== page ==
A study by the Rand Organization shows the untaxed retail price of marijuana could drop to as low as $38 per ounce compared to $375 per ounce today.
California voters will decide the fate of proposition 19 in November. If passed it would make it legal for anyone 21 or older to posses up to an ounce of marijuana for personal use and grow up to 25 square feet per household.
And cities and counties could regulate and tax commercial weed.
In the valley reaction is mixed when it comes to this hot button issue.
A new study by a non-profit research center called Rand found that legalizing marijuana in California could reduce the amount of an ounce of weed from $300 to $450 per ounce to just 38.
The study also shows that taxation and consumption amounts are impossible to predict.
Opponents like Fresno County Sheriff Margaret Mims believe passing prop 19 would create more problems than it will solve.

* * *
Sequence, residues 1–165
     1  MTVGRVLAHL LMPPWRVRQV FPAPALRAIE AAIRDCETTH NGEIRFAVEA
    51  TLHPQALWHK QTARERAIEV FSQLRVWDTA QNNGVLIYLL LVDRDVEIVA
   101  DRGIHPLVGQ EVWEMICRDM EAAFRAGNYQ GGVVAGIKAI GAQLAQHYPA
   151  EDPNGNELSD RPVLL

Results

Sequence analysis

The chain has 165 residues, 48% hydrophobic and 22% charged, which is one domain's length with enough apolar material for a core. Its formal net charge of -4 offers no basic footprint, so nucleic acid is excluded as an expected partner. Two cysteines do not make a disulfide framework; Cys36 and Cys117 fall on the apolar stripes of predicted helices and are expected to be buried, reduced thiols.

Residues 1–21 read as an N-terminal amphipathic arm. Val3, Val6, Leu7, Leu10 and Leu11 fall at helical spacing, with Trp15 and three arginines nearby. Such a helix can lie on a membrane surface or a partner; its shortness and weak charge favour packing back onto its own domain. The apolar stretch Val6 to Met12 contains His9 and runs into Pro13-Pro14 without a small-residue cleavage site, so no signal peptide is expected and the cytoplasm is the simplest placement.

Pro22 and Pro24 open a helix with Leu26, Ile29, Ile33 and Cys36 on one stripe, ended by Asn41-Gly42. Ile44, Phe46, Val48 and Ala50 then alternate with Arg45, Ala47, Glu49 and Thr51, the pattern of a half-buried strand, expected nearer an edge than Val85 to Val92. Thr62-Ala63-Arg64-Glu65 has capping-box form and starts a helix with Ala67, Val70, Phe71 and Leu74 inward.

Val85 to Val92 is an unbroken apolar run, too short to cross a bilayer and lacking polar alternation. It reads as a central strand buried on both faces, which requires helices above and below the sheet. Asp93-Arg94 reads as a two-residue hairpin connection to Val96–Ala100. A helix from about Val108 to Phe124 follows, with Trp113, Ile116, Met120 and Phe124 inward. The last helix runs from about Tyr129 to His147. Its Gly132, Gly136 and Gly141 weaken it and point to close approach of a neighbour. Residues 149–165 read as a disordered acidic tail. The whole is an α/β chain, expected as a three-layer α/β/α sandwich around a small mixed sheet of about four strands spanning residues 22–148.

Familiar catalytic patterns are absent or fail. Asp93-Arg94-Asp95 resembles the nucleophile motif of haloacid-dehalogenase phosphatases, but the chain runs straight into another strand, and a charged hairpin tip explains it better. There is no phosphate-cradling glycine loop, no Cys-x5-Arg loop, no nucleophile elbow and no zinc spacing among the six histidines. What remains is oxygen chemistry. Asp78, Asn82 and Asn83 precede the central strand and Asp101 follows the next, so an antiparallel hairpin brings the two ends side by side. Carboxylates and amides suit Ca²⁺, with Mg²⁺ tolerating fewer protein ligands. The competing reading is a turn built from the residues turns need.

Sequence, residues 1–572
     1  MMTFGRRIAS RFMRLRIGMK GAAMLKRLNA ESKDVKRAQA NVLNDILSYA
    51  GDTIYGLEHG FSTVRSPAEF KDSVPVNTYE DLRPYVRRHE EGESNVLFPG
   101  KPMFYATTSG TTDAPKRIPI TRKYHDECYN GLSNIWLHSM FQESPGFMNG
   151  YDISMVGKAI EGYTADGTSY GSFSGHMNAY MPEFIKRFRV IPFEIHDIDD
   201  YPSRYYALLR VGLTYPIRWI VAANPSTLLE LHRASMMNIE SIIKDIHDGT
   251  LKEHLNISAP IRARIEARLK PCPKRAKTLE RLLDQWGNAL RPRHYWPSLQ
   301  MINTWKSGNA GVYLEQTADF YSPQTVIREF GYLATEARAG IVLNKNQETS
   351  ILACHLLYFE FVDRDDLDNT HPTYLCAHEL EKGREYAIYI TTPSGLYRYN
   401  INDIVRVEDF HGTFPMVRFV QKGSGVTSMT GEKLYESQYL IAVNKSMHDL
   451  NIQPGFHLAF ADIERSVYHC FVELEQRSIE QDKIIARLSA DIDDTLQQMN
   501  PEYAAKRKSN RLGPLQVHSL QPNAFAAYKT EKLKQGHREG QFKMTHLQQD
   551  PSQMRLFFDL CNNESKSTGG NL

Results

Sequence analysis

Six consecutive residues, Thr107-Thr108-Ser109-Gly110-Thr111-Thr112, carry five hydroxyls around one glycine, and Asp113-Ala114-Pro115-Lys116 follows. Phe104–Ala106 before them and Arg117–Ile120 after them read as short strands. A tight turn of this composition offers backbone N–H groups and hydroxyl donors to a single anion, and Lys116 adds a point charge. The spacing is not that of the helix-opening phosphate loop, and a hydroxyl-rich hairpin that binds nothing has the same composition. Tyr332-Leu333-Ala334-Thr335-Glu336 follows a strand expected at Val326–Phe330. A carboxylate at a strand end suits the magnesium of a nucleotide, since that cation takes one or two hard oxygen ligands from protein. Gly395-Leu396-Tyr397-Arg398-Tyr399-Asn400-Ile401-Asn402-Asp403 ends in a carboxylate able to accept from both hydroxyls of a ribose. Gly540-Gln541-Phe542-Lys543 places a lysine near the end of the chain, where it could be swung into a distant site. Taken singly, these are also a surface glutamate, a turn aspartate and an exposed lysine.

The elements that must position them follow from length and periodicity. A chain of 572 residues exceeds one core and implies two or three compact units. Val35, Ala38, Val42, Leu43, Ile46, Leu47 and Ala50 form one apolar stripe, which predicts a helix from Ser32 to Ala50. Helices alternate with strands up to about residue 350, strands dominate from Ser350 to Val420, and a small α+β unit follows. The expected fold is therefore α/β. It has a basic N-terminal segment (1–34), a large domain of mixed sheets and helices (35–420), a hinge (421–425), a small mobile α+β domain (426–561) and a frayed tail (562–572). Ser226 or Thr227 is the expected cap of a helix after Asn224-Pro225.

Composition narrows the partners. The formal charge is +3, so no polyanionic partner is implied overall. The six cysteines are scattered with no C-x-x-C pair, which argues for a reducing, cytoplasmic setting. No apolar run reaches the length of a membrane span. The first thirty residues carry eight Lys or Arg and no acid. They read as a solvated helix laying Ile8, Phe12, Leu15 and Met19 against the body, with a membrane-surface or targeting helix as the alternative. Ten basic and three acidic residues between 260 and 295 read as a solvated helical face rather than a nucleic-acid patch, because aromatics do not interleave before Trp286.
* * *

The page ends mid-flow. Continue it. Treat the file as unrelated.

"Legalizing marijuana is California is not going to stop these trafficking organizations from growing marijuana on public lands," Sheriff Mims said.
Besides the criminal element, Mims says many people will choose to grow their own product instead of buying taxed weed.
Idell Tarver is the president of the Norml chapter in Fresno. The group is a statewide organization dedicated to reforming California's marijuana laws.
She's a medical marijuana user and says not everyone can grow their own pot -- which is why they go to pot dispensaries.
"We want recreational, medical and of course industrial hemp, industrial use and until all three of these are done we're still going to fight," Tarver said.
Tarver is a strong supporter of Prop 19 and says marijuana is less harmful than tobacco or alcohol.
Voters will decide whether or not to legalize marijuana in November.
But even if it passes ABC30 legal analyst Tony Capozzi says the outcome is up in smoke. "The federal government and the supreme court has said the last few years that the federal laws is supreme. It takes precedent over state law."
Researchers found that if prop 19 passes it would cost law enforcement roughly $300 million to enforce.
They also concluded there's not enough research to determine whether increased use would lead to more drugged driving accidents and to more use of harder drugs, such as cocaine.